Cubic Zirconia is a very fiery stone. So is Moissanite. Both throw off more colored sparkles than diamonds do. They also are much more fiery than White Sapphire. Some people don’t like to have much fiery sparkle in their ring. White Sapphire might be a better option if that’s the case. Others find fiery rings beautiful and can’t get enough. They’ll love simulantslike CZ or Moissanite as a diamond alternative.
A quality AAA rated stone from a reputable dealer will likely cost $300 to $400/carat. That’s a colorless stone with excellent clarity. If retailers are significantly cheaper, you should be very cautious. It’s easy to buy a piece of glass that looks like it must be the real thing to an untrained eye.
For that reason, I’d definitely suggest that you avoid buying stones like these on auction type sites. You just never know what you’re going to get. It’s easy to get stuck with something that you can’t use or resell.
If the White Sapphire you find is significantly more than the range quoted above, it could be that you’re looking at a stone that hasn’t been heat treated. The listing should specifically mention that.
Remember, that most colorless stones have been heat treated to remove the negligible amount of tint they may have had from tiny trace amounts of elements like titanium or chromium. You’ll have to decide if you’re willing to pay a lot of extra money for a more rare colorless stone that hasn’t been heat treated.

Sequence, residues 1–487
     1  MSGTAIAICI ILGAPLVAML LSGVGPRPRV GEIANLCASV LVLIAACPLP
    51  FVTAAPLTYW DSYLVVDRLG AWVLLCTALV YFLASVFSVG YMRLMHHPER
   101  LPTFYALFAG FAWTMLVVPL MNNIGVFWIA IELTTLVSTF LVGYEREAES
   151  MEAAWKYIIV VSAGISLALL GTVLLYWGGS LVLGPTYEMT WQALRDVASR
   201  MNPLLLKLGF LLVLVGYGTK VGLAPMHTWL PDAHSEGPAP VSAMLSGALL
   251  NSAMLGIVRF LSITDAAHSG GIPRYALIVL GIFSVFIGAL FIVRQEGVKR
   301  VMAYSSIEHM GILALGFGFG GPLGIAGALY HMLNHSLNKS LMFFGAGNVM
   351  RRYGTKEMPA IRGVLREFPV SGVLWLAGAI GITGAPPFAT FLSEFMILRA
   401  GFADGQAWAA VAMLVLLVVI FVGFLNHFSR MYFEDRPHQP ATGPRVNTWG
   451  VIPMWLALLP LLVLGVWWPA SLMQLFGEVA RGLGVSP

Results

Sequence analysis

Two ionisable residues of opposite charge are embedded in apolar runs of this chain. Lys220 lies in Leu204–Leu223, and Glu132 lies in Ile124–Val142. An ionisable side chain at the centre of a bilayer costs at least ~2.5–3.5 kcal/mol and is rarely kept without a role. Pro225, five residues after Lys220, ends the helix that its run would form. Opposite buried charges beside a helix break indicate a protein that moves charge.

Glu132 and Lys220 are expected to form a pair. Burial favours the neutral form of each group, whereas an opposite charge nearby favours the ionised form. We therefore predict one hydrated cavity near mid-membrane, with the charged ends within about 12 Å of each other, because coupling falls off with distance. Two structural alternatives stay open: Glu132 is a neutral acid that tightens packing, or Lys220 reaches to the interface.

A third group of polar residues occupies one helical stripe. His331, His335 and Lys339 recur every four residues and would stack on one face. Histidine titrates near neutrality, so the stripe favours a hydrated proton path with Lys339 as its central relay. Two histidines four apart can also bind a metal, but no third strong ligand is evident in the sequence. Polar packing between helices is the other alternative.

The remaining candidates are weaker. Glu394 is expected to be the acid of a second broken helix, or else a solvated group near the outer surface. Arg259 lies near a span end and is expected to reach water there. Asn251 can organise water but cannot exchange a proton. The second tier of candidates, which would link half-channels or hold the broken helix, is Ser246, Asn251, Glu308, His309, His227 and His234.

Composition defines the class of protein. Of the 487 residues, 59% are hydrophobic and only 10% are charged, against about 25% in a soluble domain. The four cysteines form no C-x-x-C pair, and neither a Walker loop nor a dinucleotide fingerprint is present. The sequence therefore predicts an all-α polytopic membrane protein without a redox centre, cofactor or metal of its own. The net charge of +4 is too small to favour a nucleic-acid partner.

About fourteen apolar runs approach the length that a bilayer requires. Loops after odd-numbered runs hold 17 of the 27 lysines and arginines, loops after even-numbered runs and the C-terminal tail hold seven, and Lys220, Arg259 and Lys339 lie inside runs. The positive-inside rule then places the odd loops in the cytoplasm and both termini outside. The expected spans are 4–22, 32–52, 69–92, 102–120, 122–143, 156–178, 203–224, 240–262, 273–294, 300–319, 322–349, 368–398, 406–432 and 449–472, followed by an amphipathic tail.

While non-heat treated stones are far more rare, I personally wouldn’t pay any extra for them, because no one else knows or cares.
Cubic Zirconia can run a wide price range depending on a number of factors, but they’re still one of the least expensive diamond alternatives available. A 6.5 mm stone (the approximate equivalent of a 1 carat stone) typically starts between $100 and $150.
It’s possible to find 1 carat Cubic Zirconia stones for as little as $10, but you typically get what you pay for. You wouldn’t want to live in a cheap house where the builder cut lots of corners to save costs so they can sell the home to you as cheap as possible. If they skimped on nails and lumber, you home may not last nearly as long. The same is true for your ring.